All ETDs from UAB

Advisory Committee Chair

Qin Wang

Advisory Committee Members

Alecia K Gross

Lori L McMahon

Erik D Roberson

Thomas Van Groen

Document Type

Dissertation

Date of Award

2017

Degree Name by School

Doctor of Philosophy (PhD) Heersink School of Medicine

Abstract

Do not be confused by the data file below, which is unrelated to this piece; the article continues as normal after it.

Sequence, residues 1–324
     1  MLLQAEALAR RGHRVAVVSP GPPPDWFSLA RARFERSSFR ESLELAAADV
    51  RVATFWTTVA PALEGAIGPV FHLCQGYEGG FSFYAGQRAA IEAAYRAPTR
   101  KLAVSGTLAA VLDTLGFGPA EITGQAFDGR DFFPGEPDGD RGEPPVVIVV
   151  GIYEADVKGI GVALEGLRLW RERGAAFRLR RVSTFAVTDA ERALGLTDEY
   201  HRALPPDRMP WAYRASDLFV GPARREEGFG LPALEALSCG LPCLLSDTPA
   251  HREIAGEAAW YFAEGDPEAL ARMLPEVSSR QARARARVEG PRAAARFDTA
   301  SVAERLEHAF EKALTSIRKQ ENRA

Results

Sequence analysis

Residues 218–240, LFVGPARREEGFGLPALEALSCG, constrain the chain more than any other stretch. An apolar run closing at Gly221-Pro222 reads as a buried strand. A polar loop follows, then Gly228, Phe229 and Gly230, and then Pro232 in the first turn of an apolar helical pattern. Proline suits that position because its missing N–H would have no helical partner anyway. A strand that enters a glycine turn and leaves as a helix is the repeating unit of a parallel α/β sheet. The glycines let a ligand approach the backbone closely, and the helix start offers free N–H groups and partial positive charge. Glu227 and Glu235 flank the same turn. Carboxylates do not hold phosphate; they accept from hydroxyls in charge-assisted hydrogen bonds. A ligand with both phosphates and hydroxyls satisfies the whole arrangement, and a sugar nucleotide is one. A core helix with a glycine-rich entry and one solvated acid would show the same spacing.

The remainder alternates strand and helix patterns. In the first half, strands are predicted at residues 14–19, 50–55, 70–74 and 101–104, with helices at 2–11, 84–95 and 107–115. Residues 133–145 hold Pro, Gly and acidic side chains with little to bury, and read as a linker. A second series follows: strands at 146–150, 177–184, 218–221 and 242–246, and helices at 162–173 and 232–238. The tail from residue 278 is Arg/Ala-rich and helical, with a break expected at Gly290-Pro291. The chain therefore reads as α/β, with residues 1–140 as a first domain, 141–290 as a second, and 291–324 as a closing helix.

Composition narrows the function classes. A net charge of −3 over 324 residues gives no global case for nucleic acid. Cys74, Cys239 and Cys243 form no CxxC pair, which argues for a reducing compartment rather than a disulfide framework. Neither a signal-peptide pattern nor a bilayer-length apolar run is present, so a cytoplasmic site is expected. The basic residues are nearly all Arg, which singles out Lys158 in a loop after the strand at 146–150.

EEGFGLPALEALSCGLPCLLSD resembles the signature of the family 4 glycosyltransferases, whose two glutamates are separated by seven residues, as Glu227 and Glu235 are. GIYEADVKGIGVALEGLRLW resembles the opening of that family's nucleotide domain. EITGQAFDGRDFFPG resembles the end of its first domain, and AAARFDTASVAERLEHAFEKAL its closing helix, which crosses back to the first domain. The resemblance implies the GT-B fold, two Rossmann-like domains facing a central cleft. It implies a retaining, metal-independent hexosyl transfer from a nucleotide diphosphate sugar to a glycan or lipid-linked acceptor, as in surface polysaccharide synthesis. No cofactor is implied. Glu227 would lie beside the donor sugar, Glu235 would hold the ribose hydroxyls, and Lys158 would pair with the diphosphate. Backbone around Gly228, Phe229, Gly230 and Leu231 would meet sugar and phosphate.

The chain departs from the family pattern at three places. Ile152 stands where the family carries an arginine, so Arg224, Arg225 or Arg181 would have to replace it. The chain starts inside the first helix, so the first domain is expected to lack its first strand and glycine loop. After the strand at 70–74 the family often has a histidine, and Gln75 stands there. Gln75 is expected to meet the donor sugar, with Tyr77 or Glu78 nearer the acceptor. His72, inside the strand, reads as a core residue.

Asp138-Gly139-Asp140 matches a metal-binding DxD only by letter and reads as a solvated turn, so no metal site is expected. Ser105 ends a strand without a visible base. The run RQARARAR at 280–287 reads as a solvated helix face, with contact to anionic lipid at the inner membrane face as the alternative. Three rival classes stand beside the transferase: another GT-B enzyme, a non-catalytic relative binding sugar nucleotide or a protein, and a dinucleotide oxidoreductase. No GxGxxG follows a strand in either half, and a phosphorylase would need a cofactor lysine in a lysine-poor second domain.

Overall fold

Through widespread efferent projections, the locus coeruleus-noradrenergic (LC-NA) system supplies the cerebral cortex with norepinephrine, a key modulator of cognition. Neurodegeneration of the LC is an early hallmark of Alzheimer’s disease (AD), but despite this profound neuronal loss, there are several studies that show that NE levels actually remain stable or even elevated, especially at early stages of the disease. This indicates that the overall integrity of the NA system, rather than a loss of NE, is likely contributing to AD pathogenesis. We previously showed that activation of the α2A adrenergic receptor (α2AAR) increases amyloidogenic processing of amyloid precursor protein (APP), and therefore increases amyloid β (Aβ) load in the brain. In this dissertation work, we sought to investigate α2AAR activity with AD advancement. We found an increase in α2AAR activity in the presence of Aβ in 2 independent AD mouse models. Importantly, human AD tissue samples showed an increase in G protein activation by α2AAR. Taken with our previous data showing that increased α2AAR activity leads to increased levels of Aβ, we have established a pathogenic positive feedback loop in which α2AAR promotes the generation of Aβ, and Aβ leads to increased activity of the α2AAR. We found that disrupting this loop by treating AD model mice with the α2AR antagonist idazoxan improved AD pathology and improved cognitive function. In addition to APP/Aβ regulating the α2AAR, we also found that APP regulates α2AAR trafficking and signaling. While APP has long been appreciated for its role in AD pathology, less is known about the physiological function of APP outside of AD. In this dissertation work, we identify a novel direct interaction between APP and the α2AAR that competes with arrestin 3 binding to the receptor. Accordingly, the presence of APP decreases α2AAR internalization and desensitization, which are arrestin-dependent processes. Our study provides the first evidence that APP fine tunes GPCR signaling and trafficking. These findings highlight the reciprocal regulation of APP and α2AAR.

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